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Road Weary

ACHD, political leaders told to shape up

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It's time for government agencies in Ada County to start acting like grown-ups instead of squabbling siblings—at least, that's the gist of what the panel from the Urban Land Institute told the public June 22.

Nine volunteers from the ULI spent a week in Ada County looking at how the Ada County Highway District works within the larger community, and how it can better fulfill its mission. After more than 100 interviews with elected officials, business owners and citizens, as well as extensive tours of the county, the panel found that ACHD remains the best way to tackle valley roadways.

But all cities and agencies within the area need to work together to create a cohesive plan for the valley or risk losing the very qualities that make the area special.

The panel called for leaders of cities and other government agencies to put old battles aside and stop petty squabbling over jurisdiction, development rights and personal ego battles.

"It's long-standing," said panel director Charles Long. "Some people are holding onto wars that started in the 1970s."

Janet Taylor, panel member and mayor of Salem, Ore., called on elected officials to change the status quo. "You're competing with your neighbors and your friends," she said. "You're eroding your taxpayer support, and that can turn around and bite you. The current structure just isn't working."

During its week in Boise, the panel reported finding that the public has an overwhelmingly negative view of ACHD.

Panel members stressed the need for ACHD to improve its public image by being more responsive to the needs of the public. The agency's lack of timely response to local needs gives the perception that it is more concerned with the needs of developers than those of the public.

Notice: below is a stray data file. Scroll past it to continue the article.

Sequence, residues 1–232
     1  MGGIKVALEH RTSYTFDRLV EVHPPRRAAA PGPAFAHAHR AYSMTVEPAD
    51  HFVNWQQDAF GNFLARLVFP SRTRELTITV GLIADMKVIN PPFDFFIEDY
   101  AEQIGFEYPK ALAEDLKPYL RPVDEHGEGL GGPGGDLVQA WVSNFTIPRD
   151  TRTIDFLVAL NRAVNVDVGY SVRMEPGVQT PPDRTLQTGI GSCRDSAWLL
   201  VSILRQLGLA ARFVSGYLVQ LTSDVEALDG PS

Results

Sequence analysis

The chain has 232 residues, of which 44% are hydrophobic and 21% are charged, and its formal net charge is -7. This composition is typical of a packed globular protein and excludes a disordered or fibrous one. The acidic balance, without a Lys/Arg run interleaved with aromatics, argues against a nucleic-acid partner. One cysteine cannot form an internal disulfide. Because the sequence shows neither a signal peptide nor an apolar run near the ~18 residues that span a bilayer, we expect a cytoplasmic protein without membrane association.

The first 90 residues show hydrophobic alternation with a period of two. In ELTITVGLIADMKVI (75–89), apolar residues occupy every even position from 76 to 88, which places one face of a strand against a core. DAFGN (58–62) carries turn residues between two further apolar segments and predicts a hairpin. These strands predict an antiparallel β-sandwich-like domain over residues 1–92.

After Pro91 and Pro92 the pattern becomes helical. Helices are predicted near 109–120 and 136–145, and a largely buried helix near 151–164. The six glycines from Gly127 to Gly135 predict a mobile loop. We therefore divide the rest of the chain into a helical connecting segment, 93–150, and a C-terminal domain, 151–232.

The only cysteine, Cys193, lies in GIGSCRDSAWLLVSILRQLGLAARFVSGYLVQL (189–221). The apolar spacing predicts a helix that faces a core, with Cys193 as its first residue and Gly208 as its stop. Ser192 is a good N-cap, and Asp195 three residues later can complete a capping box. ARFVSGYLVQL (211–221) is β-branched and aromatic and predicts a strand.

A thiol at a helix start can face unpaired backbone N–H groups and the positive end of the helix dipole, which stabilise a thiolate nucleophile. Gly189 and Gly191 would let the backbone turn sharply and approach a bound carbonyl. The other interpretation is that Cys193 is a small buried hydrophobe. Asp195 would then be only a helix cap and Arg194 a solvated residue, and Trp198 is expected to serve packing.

The panel also chastised city governments for not following their own comprehensive land-use plans by approving projects that place undue stress on countywide infrastructure.

Panelists pointed to the fact that there seems to be little attention paid to an overall vision for the Treasure Valley. In fact, more than 90 percent of surveys said growth across the valley is poorly planned.

The panel suggested the creation of an alliance made up of all six cities in the county, Ada County and ACHD to create binding agreements between municipalities. As part of the plan, the cities in the alliance would have to create comprehensive land-use plans that met a common vision for the future of the area. If cities failed to meet the criteria set out in their own plans, the group would have to ability to penalize the offending agency in some way until it fell into line.

It also stressed the need to find additional funding for ACHD and advocated increased impact fees, expanding car registration fees (now set to expire in 2010), getting a portion of state sales tax revenue and increasing the gas tax.

The panel warned that if valley leaders don't find a way to work together, the result may be uncontrolled sprawl, poor air quality, increased traffic congestion and loss of open space, including the farmland, ranches and foothills that help create the character of the valley.

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